When Breastfeeding is Hard
To the Mama just begging her baby to latch.
To the Mama scrolling through feeds and seeing how beautiful a journey it is for others, how bonding an experience between mother and child, but looking at their own and seeing anxiety, pain, and frustration.
To the Mama whose mental health is suffering.
To the Mama researching the best supplements.
To the Mama feeling rejected by her baby.
To the Mama sore with engorgement.
To the Mama switching from cradle, to football, to sidelying, to cross cradle.
To the Mama whose relationship is struggling.
To the Mama searching how much coffee she can safely consume without it affecting her baby.
To the Mama who feels guilty she’s still trying.
To the Mama haunted by growth percentiles.
To the Mama feeling shamed for her choices.
To the Mama who doesn’t have access to a lactation consultant.
To the Mama cursing at the nipple shield.
To the Mama who feels like she’s failing her baby.
To the Mama who wants to feel like her body is her own again.
To the Mama who is tired of trying.
To the Mama crying over spilled milk.
To the Mama anxiously leaning over her baby listening for swallows.
To the Mama washing endless pump parts.
To the Mama who has changed her entire diet.
To the Mama stressing about her supply.
To the Mama who feels under supported.
To the Mama using donor milk.
To the Mama who is juggling a difficult decision.
I see you, I feel you, I am you.
It’s not just you, Mama.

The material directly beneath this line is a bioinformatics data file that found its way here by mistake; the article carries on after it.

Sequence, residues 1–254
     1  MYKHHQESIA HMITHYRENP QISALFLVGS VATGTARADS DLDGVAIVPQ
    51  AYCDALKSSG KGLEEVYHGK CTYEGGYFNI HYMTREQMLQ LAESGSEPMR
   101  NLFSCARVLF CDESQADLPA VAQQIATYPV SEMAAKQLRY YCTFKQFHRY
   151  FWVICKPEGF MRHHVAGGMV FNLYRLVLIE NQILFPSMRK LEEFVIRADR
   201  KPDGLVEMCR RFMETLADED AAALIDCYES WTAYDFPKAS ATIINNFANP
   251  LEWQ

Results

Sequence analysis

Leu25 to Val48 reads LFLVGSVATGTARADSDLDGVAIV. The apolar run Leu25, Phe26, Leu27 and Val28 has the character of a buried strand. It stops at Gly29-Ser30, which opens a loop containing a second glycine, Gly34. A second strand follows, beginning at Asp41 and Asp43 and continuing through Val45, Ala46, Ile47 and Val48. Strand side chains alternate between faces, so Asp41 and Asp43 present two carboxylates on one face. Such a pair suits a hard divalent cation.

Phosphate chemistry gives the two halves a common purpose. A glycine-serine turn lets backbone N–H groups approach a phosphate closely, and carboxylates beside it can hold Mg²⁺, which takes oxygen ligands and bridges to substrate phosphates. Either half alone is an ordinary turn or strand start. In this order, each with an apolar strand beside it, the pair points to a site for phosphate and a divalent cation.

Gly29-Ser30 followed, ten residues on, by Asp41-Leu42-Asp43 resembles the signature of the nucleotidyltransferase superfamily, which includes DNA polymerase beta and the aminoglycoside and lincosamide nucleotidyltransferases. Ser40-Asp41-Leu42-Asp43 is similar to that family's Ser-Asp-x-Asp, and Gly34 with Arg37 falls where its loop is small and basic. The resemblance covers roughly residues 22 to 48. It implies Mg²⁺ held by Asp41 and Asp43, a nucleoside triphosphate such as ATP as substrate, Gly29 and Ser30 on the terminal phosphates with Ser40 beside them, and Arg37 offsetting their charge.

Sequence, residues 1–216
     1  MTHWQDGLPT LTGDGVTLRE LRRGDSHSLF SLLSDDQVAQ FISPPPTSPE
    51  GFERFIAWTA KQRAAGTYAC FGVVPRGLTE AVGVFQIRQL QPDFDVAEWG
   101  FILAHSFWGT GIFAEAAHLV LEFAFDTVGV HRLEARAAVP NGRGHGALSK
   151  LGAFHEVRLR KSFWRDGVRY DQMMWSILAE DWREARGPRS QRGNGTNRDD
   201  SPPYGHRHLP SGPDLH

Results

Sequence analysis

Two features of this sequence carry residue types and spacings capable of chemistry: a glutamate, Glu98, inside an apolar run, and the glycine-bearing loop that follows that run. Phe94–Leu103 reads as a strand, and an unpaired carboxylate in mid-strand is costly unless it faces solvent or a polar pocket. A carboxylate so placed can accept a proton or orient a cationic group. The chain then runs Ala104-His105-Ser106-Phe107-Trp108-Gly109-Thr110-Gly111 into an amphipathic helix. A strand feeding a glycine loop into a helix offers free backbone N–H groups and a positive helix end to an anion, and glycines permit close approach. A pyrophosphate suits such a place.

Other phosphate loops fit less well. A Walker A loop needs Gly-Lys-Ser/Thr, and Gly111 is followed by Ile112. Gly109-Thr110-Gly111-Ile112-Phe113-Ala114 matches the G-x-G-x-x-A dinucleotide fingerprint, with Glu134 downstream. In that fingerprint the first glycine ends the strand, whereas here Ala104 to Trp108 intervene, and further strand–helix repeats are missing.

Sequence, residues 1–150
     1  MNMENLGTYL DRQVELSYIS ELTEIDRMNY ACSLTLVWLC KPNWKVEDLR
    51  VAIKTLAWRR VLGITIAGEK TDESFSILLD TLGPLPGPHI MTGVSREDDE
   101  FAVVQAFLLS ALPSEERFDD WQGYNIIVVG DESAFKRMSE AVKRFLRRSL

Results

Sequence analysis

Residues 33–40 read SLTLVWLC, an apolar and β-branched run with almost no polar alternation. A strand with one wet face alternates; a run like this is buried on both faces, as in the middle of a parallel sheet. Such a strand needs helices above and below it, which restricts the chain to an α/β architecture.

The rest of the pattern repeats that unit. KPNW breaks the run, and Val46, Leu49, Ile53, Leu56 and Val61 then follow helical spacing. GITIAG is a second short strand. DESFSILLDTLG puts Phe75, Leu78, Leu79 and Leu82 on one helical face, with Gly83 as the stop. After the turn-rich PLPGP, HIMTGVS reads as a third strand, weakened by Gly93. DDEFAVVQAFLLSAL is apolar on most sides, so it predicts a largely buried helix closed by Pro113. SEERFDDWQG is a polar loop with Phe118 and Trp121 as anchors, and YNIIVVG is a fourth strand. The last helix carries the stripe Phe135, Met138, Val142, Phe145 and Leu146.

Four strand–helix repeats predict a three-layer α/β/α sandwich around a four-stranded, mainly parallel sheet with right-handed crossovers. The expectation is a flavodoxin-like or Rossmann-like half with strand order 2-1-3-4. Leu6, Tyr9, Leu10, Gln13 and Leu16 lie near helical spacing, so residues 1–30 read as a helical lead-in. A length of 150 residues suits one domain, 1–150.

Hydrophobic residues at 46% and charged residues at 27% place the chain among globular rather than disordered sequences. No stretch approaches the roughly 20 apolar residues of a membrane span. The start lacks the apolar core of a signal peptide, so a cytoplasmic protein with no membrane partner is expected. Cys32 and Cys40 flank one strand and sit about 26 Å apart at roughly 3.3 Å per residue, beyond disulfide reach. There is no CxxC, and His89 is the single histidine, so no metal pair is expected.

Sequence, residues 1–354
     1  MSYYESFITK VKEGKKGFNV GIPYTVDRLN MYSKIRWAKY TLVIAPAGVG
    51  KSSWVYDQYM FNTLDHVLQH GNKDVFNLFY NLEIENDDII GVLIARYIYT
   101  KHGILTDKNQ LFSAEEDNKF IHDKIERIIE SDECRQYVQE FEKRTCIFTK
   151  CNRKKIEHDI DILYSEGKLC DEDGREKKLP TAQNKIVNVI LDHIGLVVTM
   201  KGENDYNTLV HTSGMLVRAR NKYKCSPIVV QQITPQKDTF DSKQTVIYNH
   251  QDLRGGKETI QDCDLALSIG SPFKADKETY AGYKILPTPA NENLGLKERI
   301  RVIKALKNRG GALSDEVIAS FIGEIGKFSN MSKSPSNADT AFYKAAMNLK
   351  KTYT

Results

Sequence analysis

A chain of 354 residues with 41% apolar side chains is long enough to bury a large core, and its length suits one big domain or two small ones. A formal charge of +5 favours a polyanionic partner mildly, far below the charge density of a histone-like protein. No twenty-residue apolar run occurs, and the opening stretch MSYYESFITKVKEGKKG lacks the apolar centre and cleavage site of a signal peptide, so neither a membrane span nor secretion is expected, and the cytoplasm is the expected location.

Despite how isolating it can feel, I hope you find solace in the fact that you’re not alone in this. If no one has let you know just how common this is, let me be that for you. My breastfeeding journey started with a breast pump. A nurse showed me how to use it in less than a minute. By her memorized and robotic movements, I could tell she’d done the performance countless times before. She was in and out before I could even grasp what I’d be doing. For the next 16 hours, I practiced pumping instead of nursing. We delivered labeled vials of freshly pumped colostrum to my son down the hall in the NICU until the next day. A lactation consultant came to assist us for our first try, and it was tricky but she said it would be. I honestly didn’t think much of it. I believed my experience with the pump would end at the hospital because I was so determined to breastfeed my son. I thought that was the magic thing that strengthened a connection between mother and child. I had no idea just how difficult it would be. I couldn’t possibly imagine that three days of pumping would lead to six months of it. I didn’t realize the journey to nursing could ever be that rocky. There is no pain like feeling rejected by your baby. My son would fight me from pure frustration— scratching at my breasts, flailing his body, and screaming were all common occurrences at every feed. In addition, a sobbing me and a very concerned but supportive daddy. My partner would encourage me until I surpassed my limits, then he would warm up pumped milk, and calmly take our son while I collapsed into despair. “I can’t do this.” “What’s wrong with me?” “Why doesn’t he want me?” “I’m starving my son.” “I’m a terrible mother.” “If I stop, I’m giving up on him.” “Remember: ‘breast is best.’” “I’m a failure.” The negative thoughts consumed me. The weekly doctor's appointments and growth charts, the pumping six+ times a day, the raw nipples, the seven lactation consultants, the scale I bought to weigh the ounces after every feed, the pang in my gut every time someone called my baby, “tiny.” It all led to a very significant postpartum depression and anxiety diagnosis. I still suffer from it 14 months in, but the bad moments come and go. In hindsight, ironically this thing that I thought would create such a bond actually cultivated resentment and disconnection. I love my baby more than anything else, but I found nursing him so dreadful. Those two things can co-exist. If I could go back to the beginning, I’d wrap my arms around me and say what I say to you: Give. Yourself. Grace. You are an incredible mother and I’m proud of you. Your dedication is admirable. Breastfeeding is HARD, it is not as “natural” as it’s made to seem. You’re both learning something new, this takes time, practice, and consistency. Rejection is not an easy feeling to feel, but you are your baby’s whole world. I promise they aren’t rejecting you, they just don’t understand. The screaming is unbearable, but remember this is the only way babies know how to communicate their frustration. You are not starving your baby, language matters, they’re hungry but not starving. It’s okay to need help, there’s a reason lactation consultants are in business. Yes, breastfeeding is a wonderful bond to share with your baby but if it’s taking away from your ability to be a whole and healthy mother, it is no longer wonderful. One of the things that make you an incredible mother is your ability to show up for your baby and want the best for them— if you’re so depressed you can’t get off the couch, it’s taking away from your ability and it is not worth it. You both deserve a healthy you. This is not giving up, this is choosing yourself as well as your baby. The choice to continue or to stop has always been yours, and no one else’s. No matter what you choose, it does not define your motherhood, you do. Olivia Tokunbo is a writer and mother of one. A friend of Solly, she’s also shared her experience giving birth during Covid-19 and her babywearing journey.